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Description du produit
Description du produit
Toute la complexité du conflit israélo-palestinien dans le combat d'une famille palestinienne et de médecins israéliens pour sauver la vie de Mohammad, 4 mois, atteint d'une maladie génétique.
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Commentaires client les plus utiles sur Amazon.com
If you're looking for an upbeat, uplifting film, this isn't the one for you. This film is a documentary that tells the story of a Palestinian woman from Gaza who has a baby that needs serious medical treatment. This medical treatment isn't available in Gaza and the Israeli government lets her come to Israel for help. One problem -- The operation is going to cost $55,000.
Okay, that's not really the only problem. For one thing, this Palestinian woman is scared to death. No, she's not scared about the operation. She's scared to death of the Israelis! She has been told all her life what monsters these people are and now she is living in their hospital! I won't spoil the film by going into any more details about what happens to her and her baby. There are some wonderful moments and some very sad moments. At one point, you just can't believe what the Palestinian woman has to say to her Israeli benefactors. It's frightening.
During the filming of this documentary, Israel invades Gaza. A Palestinian doctor from Gaza, who works in the Israeli hospital, finds out that three of his daughters have been killed by the IDF. Like I said, this film isn't particularly uplifting. What is pretty uplifting however, is that this Palestinian doctor, Izzeldin Abuelaish, subsequently went on to write a book titled "I Shall Not Hate."
If you're interested in the Palestinian-Israeli conflict/situation, then this film is really a "must see" for you. It is very well made and tells a very interesting (though sometimes incredibly sad) story.
The main focus of the story is the life & death struggle that a Palestinian baby faces as he undergoes treatment to obtain a normal auto-immune system. The search for a suitable donor is complicated by the antagonistic political and military tensions that exist between the 2 neighboring countries.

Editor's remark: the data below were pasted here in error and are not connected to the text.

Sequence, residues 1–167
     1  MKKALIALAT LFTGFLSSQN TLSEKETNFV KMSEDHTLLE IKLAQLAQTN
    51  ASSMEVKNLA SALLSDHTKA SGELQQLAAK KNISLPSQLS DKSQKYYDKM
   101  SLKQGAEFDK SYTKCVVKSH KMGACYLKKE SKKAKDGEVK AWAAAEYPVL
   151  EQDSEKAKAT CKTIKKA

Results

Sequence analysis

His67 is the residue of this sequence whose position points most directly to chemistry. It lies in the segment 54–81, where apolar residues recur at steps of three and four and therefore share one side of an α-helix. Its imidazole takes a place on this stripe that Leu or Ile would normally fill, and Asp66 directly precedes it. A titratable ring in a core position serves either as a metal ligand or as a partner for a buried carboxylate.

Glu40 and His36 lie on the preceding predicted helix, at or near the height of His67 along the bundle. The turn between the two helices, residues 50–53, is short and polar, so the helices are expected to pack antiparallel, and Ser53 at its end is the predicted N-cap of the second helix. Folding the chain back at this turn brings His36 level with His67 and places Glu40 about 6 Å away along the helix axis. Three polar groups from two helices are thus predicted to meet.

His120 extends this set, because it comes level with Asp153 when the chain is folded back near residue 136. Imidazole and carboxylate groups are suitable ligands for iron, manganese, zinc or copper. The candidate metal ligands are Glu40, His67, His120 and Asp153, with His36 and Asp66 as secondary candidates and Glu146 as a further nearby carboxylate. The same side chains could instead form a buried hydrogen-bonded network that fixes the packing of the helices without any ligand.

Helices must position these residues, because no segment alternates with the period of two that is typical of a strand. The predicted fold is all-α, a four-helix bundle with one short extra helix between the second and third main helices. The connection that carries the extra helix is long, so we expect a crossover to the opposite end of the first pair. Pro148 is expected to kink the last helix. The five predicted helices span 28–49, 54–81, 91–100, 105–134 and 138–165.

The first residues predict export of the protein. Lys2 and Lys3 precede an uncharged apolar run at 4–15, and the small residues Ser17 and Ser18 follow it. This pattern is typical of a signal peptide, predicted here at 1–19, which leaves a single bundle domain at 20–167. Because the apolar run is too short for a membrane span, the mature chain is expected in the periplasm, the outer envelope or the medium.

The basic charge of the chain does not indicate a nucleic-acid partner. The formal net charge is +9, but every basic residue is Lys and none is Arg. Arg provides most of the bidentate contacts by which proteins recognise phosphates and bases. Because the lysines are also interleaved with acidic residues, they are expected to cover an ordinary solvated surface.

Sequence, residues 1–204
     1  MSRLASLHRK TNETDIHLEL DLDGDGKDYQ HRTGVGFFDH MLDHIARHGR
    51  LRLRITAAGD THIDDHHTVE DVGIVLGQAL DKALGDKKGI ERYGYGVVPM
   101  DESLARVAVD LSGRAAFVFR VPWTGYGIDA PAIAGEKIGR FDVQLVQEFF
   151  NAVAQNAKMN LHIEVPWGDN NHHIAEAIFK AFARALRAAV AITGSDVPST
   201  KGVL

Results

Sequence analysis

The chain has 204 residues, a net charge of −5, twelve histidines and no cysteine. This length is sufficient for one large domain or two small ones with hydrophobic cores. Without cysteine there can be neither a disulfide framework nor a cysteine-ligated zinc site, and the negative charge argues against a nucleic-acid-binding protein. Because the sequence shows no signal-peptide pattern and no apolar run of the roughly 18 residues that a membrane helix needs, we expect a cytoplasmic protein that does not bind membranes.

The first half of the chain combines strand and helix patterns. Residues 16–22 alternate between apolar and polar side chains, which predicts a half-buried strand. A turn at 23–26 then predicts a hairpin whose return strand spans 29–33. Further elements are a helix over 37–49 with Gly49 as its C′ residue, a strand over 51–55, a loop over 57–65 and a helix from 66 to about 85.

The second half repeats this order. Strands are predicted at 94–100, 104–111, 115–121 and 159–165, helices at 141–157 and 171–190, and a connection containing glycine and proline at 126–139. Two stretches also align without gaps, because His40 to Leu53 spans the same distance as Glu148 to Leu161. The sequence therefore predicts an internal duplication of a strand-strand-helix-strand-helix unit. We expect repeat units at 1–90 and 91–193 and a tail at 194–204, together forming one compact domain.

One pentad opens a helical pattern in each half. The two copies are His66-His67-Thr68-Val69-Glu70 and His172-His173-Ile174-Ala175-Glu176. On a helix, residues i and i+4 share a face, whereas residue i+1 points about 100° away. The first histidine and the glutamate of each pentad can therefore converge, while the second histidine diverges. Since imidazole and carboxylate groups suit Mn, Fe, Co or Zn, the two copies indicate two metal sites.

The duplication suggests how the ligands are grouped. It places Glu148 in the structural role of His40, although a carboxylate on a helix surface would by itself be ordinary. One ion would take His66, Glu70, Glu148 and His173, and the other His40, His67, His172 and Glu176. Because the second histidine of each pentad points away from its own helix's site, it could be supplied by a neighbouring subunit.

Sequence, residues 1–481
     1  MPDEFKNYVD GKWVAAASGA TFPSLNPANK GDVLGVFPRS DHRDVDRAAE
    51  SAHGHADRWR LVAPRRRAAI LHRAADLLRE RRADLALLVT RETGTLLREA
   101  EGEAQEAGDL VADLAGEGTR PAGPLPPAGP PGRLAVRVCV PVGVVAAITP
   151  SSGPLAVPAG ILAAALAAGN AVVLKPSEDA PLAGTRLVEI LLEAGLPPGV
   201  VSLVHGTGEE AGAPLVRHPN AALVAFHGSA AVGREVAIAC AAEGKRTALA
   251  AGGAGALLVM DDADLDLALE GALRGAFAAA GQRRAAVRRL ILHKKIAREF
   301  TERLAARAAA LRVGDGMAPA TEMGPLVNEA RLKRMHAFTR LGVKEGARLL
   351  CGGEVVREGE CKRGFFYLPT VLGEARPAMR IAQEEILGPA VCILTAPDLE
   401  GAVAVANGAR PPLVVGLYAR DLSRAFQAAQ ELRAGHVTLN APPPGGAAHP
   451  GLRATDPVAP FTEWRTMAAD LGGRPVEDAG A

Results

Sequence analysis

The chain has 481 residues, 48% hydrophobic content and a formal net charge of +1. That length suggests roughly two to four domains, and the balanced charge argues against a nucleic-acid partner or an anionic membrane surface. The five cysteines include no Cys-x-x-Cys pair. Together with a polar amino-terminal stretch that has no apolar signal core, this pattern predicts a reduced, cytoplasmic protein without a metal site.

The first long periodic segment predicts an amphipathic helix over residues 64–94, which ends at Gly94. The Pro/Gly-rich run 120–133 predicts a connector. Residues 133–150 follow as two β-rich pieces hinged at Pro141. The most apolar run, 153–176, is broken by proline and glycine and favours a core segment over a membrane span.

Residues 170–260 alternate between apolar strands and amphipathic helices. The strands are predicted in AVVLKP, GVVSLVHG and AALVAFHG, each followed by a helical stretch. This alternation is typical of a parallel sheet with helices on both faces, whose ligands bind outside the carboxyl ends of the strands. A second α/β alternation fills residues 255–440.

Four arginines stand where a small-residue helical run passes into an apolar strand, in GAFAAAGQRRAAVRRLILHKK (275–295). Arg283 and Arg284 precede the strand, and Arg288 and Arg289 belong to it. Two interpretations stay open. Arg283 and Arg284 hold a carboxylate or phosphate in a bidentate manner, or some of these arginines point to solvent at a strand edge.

The preciousness of human life is the primary motivation of the deeply humanitarian Israeli doctor who undertakes the virtually overwhelming task of finding a bone marrow donor for baby Muhammed Abu Mustafa. Before I reveal the response of the baby's mother, I'll only state at this point that the reply of young Muhammed's mother, Raida, is, in my opinion, not only complex and revealing but also a fundamental turning point in the documentary.
SPOILER WARNING: two of Raida's daughters previously have died at very young ages from the same disorder that her young son faces, the absence of a normal auto-immune system. Raida's grave concern for the survival of baby Muhammed at the hands of an Israeli brings to light her basic distrust of the Israeli people as well as her suspicion about the real motives of the Israeli doctor.
At one point the physician mentions his belief that all human life is precious. When he asks her if she agrees, Raida counters that death is the stark reality of existence for her people. She expands on this harsh belief by commenting that Palestinians aspire to death in the tradition of "shahid" (meaning both martyr and holy witness) and claims that she would be proud if young Muhammed survived from his grave illness so that he could die in this "noble" way. Later she recants this belief, explains why she said it in the first place and strongly embraces the Israeli doctor's belief in the preciousness of life.
So, what does Raida really believe? Does she genuinely embrace "shahid"? Although it's arguable whether or not the documentary answers these 2 questions, here's my view of these key issues in this fascinating documentary.
Although the film does not CONCLUSIVELY establish whether Raida's initial pro-martyr statement or her later assertion of the preciousness of life is what she truly believes, I am of the opinion that she believes the latter in her heart. Her apparent joy and relief at the eventual survival of baby Muhammed seems compelling evidence to me that Raida considers, as would any loving mother, the life of her child to be precious, even if it means risking the distrust of her Gazan neighbors and friends.
It seems obvious to me that Raida was savvy enough to realize that open rejection of the "shahid" belief would be considered blasphemy and result in her death. If my opinion is accurate, then dying as a blasphemer would deny Raida the opportunity to love and care for her son. That is conclusive enough evidence that she considers not only her son's life but also her own to be precious.